I dunno. I have PhD in engineering. In my graduate research and in my brief life as a practicing scientist, I used rationalist skills like "search for more hypotheses" and "think exclusively about the problem for five minutes before doing anything else" and generally leveraged LW-style thinking, that I didn't learn in school, to be more successful and productive than I probably would have been otherwise. I could probably write a lengthy article about how I perceive LW to have helped me in my life, but I know that it would seem extremely post hoc and you could also probably say that the skills I'm using are not unique to LW. All I can say is that the core insight that formed the crux of my dissertation arose because I was using a very LW-style approach to analyzing a problem.

The thing about rationalist skills is that LW does not any cannot have a monopoly on them. In fact, the valuable function of LW (at least in the past) has been to both aggregate and sort through potentially actionable strategic directives and algorithms.

What's interesting to me is that school doesn't do that at all. I got through however-many years of schooling and earned a PhD without once taking a class about Science, about how to actually do it, about what the process of Science is. I absorbed some habits from advisers and mentors, that's about it. The only place that I even know of where people talk at length about the inner operations of mind that correspond to the outer reality where one observes discoveries being made is Less Wrong.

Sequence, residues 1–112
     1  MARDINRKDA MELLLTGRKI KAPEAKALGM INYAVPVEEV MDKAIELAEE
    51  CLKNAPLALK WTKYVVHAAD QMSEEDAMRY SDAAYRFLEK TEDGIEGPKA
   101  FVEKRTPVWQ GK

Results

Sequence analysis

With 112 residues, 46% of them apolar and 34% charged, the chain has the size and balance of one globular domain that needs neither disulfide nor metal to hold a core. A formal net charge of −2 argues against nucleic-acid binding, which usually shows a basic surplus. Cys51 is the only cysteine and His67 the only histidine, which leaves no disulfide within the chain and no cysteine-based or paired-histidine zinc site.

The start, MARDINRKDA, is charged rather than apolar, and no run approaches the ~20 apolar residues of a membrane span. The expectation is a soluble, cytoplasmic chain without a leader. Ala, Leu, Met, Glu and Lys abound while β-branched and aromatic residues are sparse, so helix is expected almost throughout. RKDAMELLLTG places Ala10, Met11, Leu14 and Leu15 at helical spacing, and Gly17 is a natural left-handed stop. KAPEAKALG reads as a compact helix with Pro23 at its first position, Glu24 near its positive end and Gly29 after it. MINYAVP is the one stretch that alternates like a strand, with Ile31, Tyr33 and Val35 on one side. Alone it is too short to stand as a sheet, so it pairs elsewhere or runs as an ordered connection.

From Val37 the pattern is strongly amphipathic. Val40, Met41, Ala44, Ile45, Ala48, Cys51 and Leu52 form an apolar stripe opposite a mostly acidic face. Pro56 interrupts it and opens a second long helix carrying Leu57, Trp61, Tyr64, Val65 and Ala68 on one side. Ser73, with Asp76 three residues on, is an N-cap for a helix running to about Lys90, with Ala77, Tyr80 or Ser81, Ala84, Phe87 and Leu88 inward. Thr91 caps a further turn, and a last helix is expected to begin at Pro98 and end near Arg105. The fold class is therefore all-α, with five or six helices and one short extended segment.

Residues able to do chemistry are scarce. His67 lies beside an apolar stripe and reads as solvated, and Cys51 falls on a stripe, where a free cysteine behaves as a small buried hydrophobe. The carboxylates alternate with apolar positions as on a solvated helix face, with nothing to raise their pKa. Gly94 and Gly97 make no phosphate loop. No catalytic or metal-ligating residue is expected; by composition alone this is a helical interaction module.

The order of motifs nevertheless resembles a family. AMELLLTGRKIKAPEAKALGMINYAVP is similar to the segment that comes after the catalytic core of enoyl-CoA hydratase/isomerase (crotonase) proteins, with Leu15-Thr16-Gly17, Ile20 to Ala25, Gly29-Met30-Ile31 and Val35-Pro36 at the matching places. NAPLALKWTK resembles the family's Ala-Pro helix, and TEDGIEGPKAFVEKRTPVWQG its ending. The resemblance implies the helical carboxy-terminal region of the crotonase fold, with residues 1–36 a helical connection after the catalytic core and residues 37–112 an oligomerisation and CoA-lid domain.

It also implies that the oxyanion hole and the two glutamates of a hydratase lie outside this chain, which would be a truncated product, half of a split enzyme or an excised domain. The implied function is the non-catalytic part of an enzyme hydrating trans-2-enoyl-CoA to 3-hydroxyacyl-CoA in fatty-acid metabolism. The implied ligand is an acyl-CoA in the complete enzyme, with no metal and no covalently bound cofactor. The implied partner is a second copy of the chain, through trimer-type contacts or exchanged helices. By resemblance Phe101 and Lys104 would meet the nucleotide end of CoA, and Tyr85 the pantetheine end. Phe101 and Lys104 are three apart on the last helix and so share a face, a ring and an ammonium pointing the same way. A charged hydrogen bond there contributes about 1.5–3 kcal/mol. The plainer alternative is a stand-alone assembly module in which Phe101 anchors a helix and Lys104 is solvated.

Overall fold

And if you're an entrepreneur and don't care about science, then Less Wrong is also one of a few places where people talk at length about how to marshal your crappy human brain and coax it to working productively on tasks that you have deliberately and strategically chosen.

One problem is that I'm probably thinking of the Less Wrong of four years ago rather than the Less Wrong of today. In any case, all those old posts that I found so much value in are still there.

the skills I'm using are not unique to LW.

I feel like this is an important point that goes a long way to give one the intellectual / social humility IlyaShpitser is pointing at, and I agree completely that the value of LW as a site/community/etc. is primarily in sorting and aggregating. (It's the people that do the creating or transferring.)

Open thread, Dec. 21 - Dec. 27, 2015

by MrMind 1 min read21st Dec 2015233 comments

2


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